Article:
Form is emptiness; emptiness is evolving. (Oelke 2019).

This quotation from Zen teacher David Loy has featured in discussions of “Metadharma”, a new approach to Buddhist practice being developed by the influential Buddhist Geeks sangha. Vincent Horn, its founder, defines Metadharma as “any approach to dharma practice that responds in some intentional way to the meta crisis that we face as a species” (Buddhist Geeks 2019a: 0’46”).

Metadharma holds that Buddhism needs a revamp because it cannot respond to present crises with the level of social engagement demanded. Buddhism’s original emphasis was upon realising emptiness as a means to escape suffering. “Now, indeed, you often abide in the abiding of a great man”, the Buddha congratulated Sariputta. “For this is the abiding of a great man, namely, voidness [emptiness]” (Bodhi 1995: 1143). Loy’s comment represents a different approach, alluding to the Heart Sutra as a reminder that emptiness and form are not separate, so if form is evolving then emptiness is evolving too. Therefore, to abide in emptiness is unfeasible as a response to the challenges posed by the world of form.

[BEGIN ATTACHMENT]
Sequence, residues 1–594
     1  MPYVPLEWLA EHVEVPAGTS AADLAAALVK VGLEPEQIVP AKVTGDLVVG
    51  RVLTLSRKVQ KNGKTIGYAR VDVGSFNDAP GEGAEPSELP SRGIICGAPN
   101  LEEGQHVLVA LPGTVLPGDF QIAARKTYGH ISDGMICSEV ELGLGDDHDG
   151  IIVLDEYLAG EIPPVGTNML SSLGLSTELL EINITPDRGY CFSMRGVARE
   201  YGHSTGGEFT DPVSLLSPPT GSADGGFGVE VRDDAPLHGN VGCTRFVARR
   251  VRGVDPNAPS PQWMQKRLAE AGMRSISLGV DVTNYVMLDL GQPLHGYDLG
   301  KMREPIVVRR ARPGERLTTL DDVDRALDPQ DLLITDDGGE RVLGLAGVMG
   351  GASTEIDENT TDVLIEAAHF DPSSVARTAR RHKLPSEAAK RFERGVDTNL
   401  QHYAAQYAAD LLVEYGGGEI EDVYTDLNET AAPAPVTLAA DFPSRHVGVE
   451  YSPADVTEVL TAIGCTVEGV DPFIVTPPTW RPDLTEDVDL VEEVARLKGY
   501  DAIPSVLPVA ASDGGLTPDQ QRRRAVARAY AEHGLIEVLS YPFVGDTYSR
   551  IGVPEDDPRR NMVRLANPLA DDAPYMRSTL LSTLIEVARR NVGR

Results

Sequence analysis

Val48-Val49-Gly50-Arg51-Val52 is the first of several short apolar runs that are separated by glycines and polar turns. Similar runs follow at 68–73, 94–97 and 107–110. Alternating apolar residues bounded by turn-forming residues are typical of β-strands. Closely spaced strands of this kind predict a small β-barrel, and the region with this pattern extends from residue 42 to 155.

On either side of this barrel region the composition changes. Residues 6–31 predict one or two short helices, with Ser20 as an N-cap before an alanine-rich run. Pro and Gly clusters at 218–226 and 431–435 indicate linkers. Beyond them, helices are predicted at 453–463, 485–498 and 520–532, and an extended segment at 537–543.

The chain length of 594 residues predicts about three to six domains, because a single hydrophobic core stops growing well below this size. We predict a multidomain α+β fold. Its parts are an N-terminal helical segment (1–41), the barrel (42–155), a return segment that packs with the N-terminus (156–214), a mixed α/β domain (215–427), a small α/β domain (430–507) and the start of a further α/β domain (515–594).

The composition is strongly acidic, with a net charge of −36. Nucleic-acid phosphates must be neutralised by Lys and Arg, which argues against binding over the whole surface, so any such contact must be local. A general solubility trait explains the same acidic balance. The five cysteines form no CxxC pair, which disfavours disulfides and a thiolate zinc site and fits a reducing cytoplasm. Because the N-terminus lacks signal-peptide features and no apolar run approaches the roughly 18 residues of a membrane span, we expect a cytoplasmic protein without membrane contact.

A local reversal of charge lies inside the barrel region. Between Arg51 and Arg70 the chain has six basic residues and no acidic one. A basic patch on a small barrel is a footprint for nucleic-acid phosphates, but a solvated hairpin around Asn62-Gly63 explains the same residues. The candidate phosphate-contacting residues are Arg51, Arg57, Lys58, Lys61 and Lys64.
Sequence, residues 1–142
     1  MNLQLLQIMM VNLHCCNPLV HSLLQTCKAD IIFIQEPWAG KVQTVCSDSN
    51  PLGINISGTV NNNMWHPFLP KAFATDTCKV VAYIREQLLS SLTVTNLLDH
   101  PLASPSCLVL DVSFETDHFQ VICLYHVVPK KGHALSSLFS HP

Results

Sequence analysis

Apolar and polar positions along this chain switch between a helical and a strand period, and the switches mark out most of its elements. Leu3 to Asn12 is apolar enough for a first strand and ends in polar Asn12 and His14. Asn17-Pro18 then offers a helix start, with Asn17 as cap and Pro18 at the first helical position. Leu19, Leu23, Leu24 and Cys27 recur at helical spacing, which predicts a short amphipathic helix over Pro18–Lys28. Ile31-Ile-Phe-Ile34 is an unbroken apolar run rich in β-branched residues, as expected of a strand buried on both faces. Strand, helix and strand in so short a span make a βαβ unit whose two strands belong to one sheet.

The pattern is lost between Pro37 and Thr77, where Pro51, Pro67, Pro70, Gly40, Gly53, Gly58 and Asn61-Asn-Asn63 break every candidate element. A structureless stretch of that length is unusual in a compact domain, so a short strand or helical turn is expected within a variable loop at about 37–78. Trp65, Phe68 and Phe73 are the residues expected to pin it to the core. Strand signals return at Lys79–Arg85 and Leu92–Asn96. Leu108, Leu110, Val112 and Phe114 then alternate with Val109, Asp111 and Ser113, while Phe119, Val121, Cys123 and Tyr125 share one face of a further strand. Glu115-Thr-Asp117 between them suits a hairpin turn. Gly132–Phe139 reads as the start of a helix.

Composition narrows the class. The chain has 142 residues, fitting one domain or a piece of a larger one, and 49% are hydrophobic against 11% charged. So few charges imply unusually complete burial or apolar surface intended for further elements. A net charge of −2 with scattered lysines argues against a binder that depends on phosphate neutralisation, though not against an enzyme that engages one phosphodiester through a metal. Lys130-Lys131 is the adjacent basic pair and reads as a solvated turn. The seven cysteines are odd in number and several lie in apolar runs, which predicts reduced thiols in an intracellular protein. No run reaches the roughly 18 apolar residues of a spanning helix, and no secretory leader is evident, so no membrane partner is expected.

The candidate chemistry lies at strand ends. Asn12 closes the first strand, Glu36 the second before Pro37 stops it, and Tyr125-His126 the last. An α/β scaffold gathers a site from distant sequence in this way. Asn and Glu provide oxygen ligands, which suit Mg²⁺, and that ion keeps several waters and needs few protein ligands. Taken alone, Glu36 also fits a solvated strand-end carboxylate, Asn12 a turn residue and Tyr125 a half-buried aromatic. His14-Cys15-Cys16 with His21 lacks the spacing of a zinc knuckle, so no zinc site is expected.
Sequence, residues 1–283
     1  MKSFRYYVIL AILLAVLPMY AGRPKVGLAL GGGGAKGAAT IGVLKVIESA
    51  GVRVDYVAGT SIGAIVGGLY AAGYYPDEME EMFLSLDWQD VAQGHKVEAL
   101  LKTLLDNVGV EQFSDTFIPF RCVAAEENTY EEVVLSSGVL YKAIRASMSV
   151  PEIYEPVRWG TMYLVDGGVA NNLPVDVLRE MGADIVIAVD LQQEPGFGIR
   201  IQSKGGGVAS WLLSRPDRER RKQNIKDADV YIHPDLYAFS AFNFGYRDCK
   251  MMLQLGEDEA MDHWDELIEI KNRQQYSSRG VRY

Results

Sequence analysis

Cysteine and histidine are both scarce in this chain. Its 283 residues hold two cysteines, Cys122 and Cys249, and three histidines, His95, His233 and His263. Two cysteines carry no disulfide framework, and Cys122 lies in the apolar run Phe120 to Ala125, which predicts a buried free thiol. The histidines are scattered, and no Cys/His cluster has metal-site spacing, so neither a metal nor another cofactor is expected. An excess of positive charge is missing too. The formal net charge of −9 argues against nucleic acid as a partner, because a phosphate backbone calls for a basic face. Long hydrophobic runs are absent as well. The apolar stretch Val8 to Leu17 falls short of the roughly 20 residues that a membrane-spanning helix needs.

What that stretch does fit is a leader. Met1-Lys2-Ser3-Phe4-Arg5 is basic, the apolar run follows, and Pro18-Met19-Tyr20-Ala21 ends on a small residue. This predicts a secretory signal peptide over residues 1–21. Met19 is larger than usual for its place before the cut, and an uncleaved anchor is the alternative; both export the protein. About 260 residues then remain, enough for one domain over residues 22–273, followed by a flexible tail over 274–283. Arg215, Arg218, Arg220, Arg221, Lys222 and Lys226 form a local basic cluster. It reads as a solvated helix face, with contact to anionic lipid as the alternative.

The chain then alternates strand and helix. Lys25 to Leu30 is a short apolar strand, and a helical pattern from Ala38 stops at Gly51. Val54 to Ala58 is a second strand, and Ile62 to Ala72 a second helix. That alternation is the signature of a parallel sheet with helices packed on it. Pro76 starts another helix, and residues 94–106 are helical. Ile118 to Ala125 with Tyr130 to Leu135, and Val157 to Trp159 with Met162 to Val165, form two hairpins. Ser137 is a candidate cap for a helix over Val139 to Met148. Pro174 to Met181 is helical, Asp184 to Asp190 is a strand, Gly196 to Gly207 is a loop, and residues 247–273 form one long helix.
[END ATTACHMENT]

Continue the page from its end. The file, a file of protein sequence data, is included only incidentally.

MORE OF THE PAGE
Yet this is not what we encounter in personal experience. After years spent investigating the ubiquity in everyday experience of the three characteristics (impermanence, suffering, and no-self), emptiness was realised when something else became apparent that never wanes, does not suck, is nothing at all, and yet is available to awareness. Part of the experience of emptiness is the direct intuition that it is indeed the same for all, and throughout all time.